FCC Public Hearing on the Future of the Internet - Thursday, April 17th - Stanford Univ., Calif.

funchords
Hello
Premium,MVM
join:2001-03-11
Yarmouth Port, MA
kudos:6

FCC Chair to Comcast: Actions Speak Louder Than Words

said by FCC Chairman Kevin Martin :

... Comcast has not made clear when they will stop this discriminatory practice. It appears this practice will continue throughout the country until the end of the year and in some markets, even longer. While it may take time to implement its preferred new traffic management technique, it is not at all obvious why Comcast couldn’t stop its current practice of arbitrarily blocking its broadband customers from using certain applications. Comcast should provide its broadband customers as well as the Commission with a commitment of a date certain by when it will stop this practice.

The Commission will remain vigilant in ensuring that consumers have the ability to access the lawful content of their choice on the Internet. Our hearing on April 17 offers us the opportunity to explore more fully what constitutes reasonable network management practices ...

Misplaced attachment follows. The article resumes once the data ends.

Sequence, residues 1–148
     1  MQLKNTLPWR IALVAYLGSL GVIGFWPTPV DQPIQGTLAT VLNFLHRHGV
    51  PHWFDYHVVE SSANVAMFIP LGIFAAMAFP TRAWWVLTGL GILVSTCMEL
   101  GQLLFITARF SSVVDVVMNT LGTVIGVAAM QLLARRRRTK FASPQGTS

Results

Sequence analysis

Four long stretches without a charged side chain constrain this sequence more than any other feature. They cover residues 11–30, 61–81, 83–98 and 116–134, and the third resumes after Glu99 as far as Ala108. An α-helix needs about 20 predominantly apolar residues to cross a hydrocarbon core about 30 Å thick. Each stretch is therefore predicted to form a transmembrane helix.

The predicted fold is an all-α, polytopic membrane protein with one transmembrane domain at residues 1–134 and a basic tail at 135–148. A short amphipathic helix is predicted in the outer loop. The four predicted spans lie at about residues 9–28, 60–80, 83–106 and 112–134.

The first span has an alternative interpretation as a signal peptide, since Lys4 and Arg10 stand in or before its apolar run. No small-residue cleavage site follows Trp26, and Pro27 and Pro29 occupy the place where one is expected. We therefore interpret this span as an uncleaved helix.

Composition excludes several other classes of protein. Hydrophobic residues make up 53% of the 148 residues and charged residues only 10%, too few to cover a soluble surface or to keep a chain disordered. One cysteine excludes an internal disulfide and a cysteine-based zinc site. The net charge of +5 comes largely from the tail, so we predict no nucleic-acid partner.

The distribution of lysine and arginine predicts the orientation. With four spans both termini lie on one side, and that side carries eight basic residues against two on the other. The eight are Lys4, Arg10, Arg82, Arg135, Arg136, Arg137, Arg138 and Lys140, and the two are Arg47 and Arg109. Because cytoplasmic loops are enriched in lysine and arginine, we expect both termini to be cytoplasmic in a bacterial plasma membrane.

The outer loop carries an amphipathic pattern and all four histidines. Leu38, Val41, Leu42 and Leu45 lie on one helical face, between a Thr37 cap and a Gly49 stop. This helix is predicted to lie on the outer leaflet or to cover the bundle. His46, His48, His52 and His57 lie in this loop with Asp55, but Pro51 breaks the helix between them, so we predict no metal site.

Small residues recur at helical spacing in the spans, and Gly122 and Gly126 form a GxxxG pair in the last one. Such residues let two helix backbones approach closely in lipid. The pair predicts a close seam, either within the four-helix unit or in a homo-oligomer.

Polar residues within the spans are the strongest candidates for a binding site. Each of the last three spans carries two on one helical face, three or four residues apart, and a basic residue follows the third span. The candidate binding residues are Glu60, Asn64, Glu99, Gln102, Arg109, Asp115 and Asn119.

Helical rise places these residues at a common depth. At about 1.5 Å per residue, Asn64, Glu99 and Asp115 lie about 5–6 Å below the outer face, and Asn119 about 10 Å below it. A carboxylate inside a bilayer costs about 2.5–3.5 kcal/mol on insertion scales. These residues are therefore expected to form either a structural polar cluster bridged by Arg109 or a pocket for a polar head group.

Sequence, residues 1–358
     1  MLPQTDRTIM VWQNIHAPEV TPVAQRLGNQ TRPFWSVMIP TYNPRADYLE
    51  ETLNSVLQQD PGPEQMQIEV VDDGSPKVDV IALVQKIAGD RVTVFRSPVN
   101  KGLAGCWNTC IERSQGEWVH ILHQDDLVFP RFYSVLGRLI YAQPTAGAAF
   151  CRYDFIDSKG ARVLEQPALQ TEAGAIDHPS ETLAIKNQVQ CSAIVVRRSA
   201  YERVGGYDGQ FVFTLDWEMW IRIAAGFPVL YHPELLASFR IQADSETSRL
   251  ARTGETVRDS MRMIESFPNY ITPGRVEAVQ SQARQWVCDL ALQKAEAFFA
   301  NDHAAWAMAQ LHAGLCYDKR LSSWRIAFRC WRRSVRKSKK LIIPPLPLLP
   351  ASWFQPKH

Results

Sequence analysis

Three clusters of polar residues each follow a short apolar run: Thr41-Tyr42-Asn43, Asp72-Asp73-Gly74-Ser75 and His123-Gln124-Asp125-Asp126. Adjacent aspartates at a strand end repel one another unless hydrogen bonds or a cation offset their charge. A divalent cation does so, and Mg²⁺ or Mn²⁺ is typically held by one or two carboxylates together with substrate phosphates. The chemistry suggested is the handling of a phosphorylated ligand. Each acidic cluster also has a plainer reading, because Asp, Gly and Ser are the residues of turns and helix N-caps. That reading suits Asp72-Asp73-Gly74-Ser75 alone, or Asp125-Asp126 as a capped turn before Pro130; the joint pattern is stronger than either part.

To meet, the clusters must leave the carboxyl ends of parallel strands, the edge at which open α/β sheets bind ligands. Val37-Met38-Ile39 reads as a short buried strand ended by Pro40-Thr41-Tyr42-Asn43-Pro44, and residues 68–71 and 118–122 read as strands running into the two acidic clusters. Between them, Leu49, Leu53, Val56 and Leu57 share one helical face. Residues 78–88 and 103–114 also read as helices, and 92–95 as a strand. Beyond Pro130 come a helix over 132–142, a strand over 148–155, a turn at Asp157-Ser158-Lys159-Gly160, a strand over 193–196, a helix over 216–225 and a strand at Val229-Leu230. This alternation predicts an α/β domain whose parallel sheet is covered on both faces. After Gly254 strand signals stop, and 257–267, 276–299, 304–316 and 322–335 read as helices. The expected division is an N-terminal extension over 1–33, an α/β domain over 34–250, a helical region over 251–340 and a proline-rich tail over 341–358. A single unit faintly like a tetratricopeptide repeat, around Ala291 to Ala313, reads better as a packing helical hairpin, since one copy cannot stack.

More from Martin and the other Commissioners can be found at »www.fcc.gov/
--
Robb Topolski -= funchords.com =- Hillsboro, Oregon
FCC Public Hearing on the Future of the Internet - Thursday, April 17th - Stanford Univ., Calif.

dvd536
as Mr. Pink as they come
Premium
join:2001-04-27
Phoenix, AZ
kudos:4

Key markets

Also known as fios areas.

dvd536
as Mr. Pink as they come
Premium
join:2001-04-27
Phoenix, AZ
kudos:4

Reasonal methods

We'll just throttle everything encrypted like rogers does.

LeeRich

@comcast.net

More Than Meets the Eye

It seems to me that there is more to this debate the average political rhetoric would suggest. A lot of the changes that some people demand just simply aren't possible the way the networks are currently engineered. And it may take many different companies - applications and operators - to re-engineer the network to accommodate the most number of users. Check this post by Richard Bennett, it goes into some of the technical detail that engineers, not politicians, need to do to solve the problem.

»bennett.com/blog/index.php/archi···shaping/

EGeezer
zichrona livracha
Premium
join:2002-08-04
Midwest
kudos:8
Reviews:
·Callcentric

1 edit

More appropriate ---

"...the outcome will be a traffic management technique that is more appropriate for today's emerging Internet trends hopefully going to stop our revenue losses resulting from dissatisfied customers switching from us to our competitors' services."

Market forces can work - if people vote with their money.
--
Mayors of New York come from nowhere and go nowhere.
Wallace Sayre (apparently, so do governors... )

Konceptz
Intel

join:2001-12-22
Chesterfield, VA

about time

not every bit torrent download is illegal....